Well that's pretty cool, but there's a few other things we can do. Let's go to Sheet 3 and just show you a few things. Let's say we wanted January, but we wanted to abbreviate it and you can just type this here in the first cell. So I'll just type January again, press Ctrl+Enter, and this Autofill works going down a column, not just across a row. When you get that crosshair, you can drag down and see what happens is it repeats. Once it gets down to the end of the series, the series just starts again. And the same for the days. Now you can type in the day, type in Monday and Autofill down to the bottom and it repeats.

It'll just make the columns be a little wider. If you abbreviate it, press Ctrl+ Enter, it will repeat abbreviated. Well, that's pretty handy. What do you do for numbers? Numbers are a little different. Let's go up to the top here and maybe just type the number one, Ctrl+Enter, and when you Autofill it, notice it just gives you a whole lot of ones, and the reason is that there is no built-in series. Let's go over here and type in a 1. Ctrl+Enter. This time if you hold the Ctrl key down, when you get that Autofill handle, now when you drag down and I'll just let go off the mouse first, now it will increment.

Well what if you want to create your own series? Let's go over here in column H, maybe you type in 10, press Enter and maybe you type in 20. Remember to press Enter. Now select both of these cells together. When you have multiple cells selected, they share a common Autofill handle. Now put your mouse pointer on it, get the crosshair, now when you drag down, you notice that it keeps that series. So that's all pretty cool. Well this is all fine because months and days are built-in series, but wouldn't it be nice if you could create your own sort of pre-made series? It could be a series of your clients, or vendors, or people you work with. It could be anything.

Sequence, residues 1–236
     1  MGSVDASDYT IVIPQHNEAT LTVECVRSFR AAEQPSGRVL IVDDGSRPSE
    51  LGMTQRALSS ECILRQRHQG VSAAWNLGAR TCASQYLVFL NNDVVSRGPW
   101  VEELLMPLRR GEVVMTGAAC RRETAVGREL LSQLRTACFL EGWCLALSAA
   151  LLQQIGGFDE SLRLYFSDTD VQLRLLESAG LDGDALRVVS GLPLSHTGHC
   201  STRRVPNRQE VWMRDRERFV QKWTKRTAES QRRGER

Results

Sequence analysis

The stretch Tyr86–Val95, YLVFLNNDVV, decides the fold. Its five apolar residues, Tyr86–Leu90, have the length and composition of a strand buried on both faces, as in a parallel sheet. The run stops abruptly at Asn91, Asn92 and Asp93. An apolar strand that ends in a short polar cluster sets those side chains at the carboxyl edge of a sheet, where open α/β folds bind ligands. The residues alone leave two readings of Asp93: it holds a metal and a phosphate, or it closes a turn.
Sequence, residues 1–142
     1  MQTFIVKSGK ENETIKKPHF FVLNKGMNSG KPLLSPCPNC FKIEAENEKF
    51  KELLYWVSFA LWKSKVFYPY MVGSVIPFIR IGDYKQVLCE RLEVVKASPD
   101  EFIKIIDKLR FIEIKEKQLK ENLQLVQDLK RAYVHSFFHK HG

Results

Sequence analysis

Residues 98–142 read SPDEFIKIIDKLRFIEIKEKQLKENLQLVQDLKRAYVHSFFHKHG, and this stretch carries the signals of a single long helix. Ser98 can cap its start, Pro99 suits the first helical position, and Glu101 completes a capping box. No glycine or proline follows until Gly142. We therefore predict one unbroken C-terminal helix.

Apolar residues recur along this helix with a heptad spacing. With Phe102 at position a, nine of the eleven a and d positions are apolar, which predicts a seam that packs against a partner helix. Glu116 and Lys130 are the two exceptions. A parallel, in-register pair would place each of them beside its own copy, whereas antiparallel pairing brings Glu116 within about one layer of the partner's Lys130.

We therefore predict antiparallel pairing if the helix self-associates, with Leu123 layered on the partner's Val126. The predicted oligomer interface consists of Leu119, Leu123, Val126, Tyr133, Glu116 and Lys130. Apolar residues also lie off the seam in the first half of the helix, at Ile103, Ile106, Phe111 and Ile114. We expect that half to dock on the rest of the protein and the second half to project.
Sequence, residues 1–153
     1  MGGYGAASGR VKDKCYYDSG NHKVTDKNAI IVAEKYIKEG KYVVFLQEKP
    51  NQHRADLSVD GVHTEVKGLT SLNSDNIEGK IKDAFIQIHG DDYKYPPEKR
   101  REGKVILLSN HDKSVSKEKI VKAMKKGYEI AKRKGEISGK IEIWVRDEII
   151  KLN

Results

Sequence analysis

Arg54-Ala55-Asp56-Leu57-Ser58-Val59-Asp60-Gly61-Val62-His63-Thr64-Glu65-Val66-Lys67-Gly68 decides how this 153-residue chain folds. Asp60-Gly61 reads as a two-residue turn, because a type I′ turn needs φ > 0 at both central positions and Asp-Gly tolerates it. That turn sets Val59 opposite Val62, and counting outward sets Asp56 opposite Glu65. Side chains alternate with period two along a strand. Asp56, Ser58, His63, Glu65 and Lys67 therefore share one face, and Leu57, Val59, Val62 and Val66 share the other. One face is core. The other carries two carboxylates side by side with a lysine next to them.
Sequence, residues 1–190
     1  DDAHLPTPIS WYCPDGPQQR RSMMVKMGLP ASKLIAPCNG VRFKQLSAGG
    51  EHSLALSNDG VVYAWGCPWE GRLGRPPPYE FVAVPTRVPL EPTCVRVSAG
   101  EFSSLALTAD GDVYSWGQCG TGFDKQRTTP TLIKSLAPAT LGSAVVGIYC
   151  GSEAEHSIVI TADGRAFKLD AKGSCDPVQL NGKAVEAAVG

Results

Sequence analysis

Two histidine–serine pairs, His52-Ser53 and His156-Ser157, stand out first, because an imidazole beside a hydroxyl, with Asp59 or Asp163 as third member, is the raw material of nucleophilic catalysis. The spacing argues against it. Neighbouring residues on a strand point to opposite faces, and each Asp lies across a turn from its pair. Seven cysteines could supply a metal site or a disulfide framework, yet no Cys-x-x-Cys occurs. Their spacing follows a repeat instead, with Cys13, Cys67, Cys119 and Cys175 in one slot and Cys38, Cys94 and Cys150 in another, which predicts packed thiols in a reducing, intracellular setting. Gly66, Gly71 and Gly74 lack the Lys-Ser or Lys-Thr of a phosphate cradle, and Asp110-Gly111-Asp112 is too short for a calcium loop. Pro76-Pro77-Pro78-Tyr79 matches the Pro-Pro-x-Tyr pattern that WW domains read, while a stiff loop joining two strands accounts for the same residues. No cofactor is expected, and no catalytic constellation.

Well, let's say we wanted a list of regions where our company operates. We can create a custom list. So here's what we do. Go up to the File menu, so in Backstage view, go down here to Options and then in the left side here, go to Advanced and let's scroll down. Down towards the bottom, we find this button Edit custom lists. Click that and here it shows you the days and the months, so it's great. Now over here it says List Entries. Click in this empty box and maybe let's type a few things. Let's say we operate in New England and the Mid-Atlantic, Southeast, Midwest, Southwest, and maybe also in Pacific.

Now click Add and you see that adds the list here. Now that's great. Click OK, click OK again. Anywhere you want you can type in New England. I'll press Ctrl+Enter and I'll make that count little wider. Now when we Autofill, you'll notice if gives you that list. What's also really great is you don't have to start at the beginning of the list. Maybe if you started with let's say Pacific, it would still give you that list. Or maybe if you started on Thursday, and Autofill and this will work if you fill across as well as down.

It'll give you that list. So this is a really great feature. Let Excel do a lot of the typing for you.